Film review – I, Daniel Blake (Ken Loach, 2016)

Of the many great films released in 2016, few left their mark on my conscience quite as much as Ken Loach’s “I, Daniel Blake”. I held off from reviewing it at the time, but decided to revisit it recently for a second time to make an honest attempt at reviewing it.

The film follows Daniel Blake (Dave Johns), a 59-year-old joiner on the living in Newcastle. He finds himself out of work after an suffering a heart attack has forced him to take a break, with his doctor telling him he cannot return for fear of another attack. He is navigating Britain’s complex benefits system in search of Employment and Support Allowance, for which he needs a Work Capability Assessment (undertaken by government workers and is completely separate from his own doctor’s assessment). Whilst at the job centre, he notices single-mother-of-two Daisy (Hayley Squires) having an argument in the job centre. They soon strike up an unlikely friendship as they continue to come up against brick walls that force them to make increasingly tough decisions.

I, Daniel Blake is social commentary at its absolute best

Typical of Loach’s output, many of the actors involved in the film are amateurs. This might give the film a rough-around-the-edges quality but equally provides a realism as the story develops. Knowing this prior to watching the film allowed me to give it some leeway on the performances.

The plot developments as the two characters get embroiled in complication after complication are akin to a horror film. Our lead character is behind on his bills and struggles to use computers, meaning he can’t navigate the government websites to retrieve the correct forms to fill in to access the benefits he’s entitled to. It’s overwhelmingly frustrating and will be familiar to anyone who has ever found themselves in a similar situation.

Squires’s performance is absolutely striking. The most harrowing memory of the film for most viewers will inevitably be a highly memorable scene at the local food bank. Rightly so – it’s a performance something taken to an entirely different level by her delivery. It’s unsettling, which is obviously its intention. She’s a great find in her debut role and will undoubtedly go on to even greater roles.

But the film isn’t about the actors, or about delivery of certain lines. It is solely a commentary on the broken support systems provided for the many 1000s of people in Britain who they should be helping. There are a small few people who endeavour to exploit a system, but in doing so they provide an excuse for those in charge to make the processes overly complicated for everyone.

Far more disturbing than this, the small few that do successfully exploit the system are handing media outlets the ammunition to criticise the rest, tarring them all with the same brush. Shamefully, most of Britain believe what is written in the media and assume the worst of people who are in dire need of assistance.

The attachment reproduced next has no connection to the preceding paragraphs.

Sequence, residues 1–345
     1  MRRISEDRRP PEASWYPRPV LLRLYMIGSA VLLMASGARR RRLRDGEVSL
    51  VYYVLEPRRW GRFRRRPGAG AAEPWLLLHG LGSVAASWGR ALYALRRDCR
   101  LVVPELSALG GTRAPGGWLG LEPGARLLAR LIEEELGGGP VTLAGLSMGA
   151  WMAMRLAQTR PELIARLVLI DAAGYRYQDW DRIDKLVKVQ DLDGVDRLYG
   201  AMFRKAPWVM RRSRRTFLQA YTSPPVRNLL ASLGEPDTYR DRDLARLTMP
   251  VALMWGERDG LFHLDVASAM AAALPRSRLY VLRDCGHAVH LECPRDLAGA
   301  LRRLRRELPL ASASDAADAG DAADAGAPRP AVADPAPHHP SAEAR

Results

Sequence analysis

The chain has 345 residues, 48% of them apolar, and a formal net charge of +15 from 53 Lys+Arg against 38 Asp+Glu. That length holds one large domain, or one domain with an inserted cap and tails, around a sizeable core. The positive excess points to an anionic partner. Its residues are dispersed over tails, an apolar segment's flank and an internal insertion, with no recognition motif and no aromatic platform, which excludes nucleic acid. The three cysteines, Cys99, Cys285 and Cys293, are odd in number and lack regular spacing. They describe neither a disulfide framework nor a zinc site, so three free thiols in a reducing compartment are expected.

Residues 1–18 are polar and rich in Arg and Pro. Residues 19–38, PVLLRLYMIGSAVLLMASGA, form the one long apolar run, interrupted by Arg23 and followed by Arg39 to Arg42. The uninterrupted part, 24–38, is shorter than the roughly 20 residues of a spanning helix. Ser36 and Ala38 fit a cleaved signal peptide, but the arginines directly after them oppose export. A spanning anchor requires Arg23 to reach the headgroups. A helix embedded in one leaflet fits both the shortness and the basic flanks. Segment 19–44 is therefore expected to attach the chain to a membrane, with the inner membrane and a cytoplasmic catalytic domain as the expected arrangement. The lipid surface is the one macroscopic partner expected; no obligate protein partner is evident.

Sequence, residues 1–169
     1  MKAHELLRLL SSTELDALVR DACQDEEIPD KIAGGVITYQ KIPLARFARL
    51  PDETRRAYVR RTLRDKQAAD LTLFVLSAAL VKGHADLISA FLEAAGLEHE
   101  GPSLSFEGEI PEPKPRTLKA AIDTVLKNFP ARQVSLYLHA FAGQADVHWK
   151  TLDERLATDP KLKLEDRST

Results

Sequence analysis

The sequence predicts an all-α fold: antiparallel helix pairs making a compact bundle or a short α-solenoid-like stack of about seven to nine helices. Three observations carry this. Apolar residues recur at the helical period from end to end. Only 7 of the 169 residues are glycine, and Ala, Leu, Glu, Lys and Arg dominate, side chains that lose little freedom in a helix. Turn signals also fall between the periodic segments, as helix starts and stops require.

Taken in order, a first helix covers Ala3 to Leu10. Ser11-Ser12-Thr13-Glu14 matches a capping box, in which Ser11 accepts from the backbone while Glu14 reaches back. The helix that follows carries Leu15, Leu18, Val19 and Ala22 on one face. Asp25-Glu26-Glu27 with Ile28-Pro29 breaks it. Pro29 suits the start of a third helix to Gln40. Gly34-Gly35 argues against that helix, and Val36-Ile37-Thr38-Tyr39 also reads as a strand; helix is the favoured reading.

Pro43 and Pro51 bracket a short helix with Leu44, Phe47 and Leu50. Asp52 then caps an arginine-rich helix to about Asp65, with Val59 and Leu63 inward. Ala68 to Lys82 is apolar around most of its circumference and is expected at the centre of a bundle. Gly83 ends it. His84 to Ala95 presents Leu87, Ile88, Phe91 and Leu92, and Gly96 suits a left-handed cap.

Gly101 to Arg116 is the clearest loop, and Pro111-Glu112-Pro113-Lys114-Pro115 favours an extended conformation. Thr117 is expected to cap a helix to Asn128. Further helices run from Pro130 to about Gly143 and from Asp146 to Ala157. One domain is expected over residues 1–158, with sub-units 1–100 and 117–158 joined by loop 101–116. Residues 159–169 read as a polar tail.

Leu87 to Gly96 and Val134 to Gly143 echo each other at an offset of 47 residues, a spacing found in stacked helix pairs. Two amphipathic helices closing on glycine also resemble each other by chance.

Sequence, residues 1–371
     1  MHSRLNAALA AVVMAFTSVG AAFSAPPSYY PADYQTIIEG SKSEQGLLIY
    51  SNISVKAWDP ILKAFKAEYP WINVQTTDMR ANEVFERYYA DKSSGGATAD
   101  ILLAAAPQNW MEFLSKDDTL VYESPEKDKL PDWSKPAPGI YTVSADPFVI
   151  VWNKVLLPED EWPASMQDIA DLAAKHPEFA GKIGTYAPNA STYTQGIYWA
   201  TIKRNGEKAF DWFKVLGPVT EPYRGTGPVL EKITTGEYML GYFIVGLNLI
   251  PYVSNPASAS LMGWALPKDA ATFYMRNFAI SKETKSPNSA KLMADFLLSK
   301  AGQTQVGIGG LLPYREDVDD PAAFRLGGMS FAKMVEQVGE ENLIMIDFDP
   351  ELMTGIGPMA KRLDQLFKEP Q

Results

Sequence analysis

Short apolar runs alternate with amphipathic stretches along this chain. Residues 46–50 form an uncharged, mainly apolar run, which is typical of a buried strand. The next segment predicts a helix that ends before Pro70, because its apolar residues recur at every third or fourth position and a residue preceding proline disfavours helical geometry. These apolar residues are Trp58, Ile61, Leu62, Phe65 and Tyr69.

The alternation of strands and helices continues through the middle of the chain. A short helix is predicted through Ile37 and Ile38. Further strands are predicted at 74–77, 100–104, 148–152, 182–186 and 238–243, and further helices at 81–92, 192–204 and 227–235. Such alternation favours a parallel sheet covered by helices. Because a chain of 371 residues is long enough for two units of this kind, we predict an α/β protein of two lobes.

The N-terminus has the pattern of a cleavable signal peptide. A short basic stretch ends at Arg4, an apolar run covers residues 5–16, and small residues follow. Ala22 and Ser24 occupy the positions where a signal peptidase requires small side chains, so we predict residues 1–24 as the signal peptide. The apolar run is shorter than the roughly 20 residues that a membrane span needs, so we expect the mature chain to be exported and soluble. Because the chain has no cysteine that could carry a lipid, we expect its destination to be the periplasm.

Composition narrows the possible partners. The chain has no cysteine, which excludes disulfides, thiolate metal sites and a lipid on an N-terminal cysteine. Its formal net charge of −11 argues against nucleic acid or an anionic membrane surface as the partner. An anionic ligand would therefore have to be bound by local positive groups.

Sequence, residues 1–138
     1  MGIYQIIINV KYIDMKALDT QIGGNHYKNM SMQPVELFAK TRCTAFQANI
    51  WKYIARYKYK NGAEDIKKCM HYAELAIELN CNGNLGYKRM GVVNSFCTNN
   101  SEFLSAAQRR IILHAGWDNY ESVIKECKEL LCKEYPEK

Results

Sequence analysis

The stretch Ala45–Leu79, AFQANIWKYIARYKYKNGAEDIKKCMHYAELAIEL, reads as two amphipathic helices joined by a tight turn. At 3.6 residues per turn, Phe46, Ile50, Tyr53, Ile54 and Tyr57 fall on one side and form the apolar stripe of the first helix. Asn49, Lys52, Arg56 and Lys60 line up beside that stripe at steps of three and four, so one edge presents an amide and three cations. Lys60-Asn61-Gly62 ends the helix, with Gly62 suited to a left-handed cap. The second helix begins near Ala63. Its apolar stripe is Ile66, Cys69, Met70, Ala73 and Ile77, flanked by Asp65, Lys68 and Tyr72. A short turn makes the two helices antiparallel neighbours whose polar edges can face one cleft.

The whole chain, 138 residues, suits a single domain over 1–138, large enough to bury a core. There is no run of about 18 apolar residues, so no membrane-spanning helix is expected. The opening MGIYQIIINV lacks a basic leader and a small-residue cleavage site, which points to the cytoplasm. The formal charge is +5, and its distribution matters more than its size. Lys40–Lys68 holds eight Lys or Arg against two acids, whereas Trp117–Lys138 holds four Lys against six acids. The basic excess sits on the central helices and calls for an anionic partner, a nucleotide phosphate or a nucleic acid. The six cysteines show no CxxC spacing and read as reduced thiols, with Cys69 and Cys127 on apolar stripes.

For all its shortcomings, this film shines a light on some of the most pressing issues facing a country that is supposed to be in a fantastic state. Whether you like it or not, the message is one that simply can’t be ignored.

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Deux Jours, Une Nuit (Jean-Pierre Dardenne and Luc Dardenne, 2014)

The latest film from the Dardenne brothers, Two Days, One Night, stars Marion Cotillard in what on the face of it seems quite an unlikely situation: a woman is voted out of her job by her colleagues as a result of a vote between her colleagues who choose between keeping her in employment or receiving their annual bonus. Whilst it felt far-fetched when I read the synopsis, the way it is delivered makes it not just believable but heart-breaking.

Whilst the whole story centres around Sandra’s struggles as she reacts to the news of the decision, we are treated to an expert display of serial short story writing. Sandra (Cotillard) has from 5pm on Friday night until 9am on Monday morning to visit, in person, each of her 16 work colleagues and convince them to vote in her favour when the ballot is repeated on Monday morning. Given the minimal screen time they have to offer their reasoning (the whole film is just 95 minutes in length) each character is wonderfully deep. This ensures that this one-woman tour-de-force doesn’t begin and end with the main star.

The shooting technique adds to the realism. Most scenes are completed in a single shot, which gives the effect of feeling like you’re a bystander allowed to eavesdrop on the most personal and revealing of conversations. We see extreme stubbornness, tears of guilt and logical reasoning as each character paints the picture of how they came to their decision and – more importantly – whether or not they will change it.

It is a film that sets itself up to spark debate amongst the viewer. It’s certainly not a crowd-pleaser. It is too heavily laden with working-class socio-realism for that. But does it achieve what it sets out to do? Probably, yes.

Two Days, One Night is out now at selected cinemas.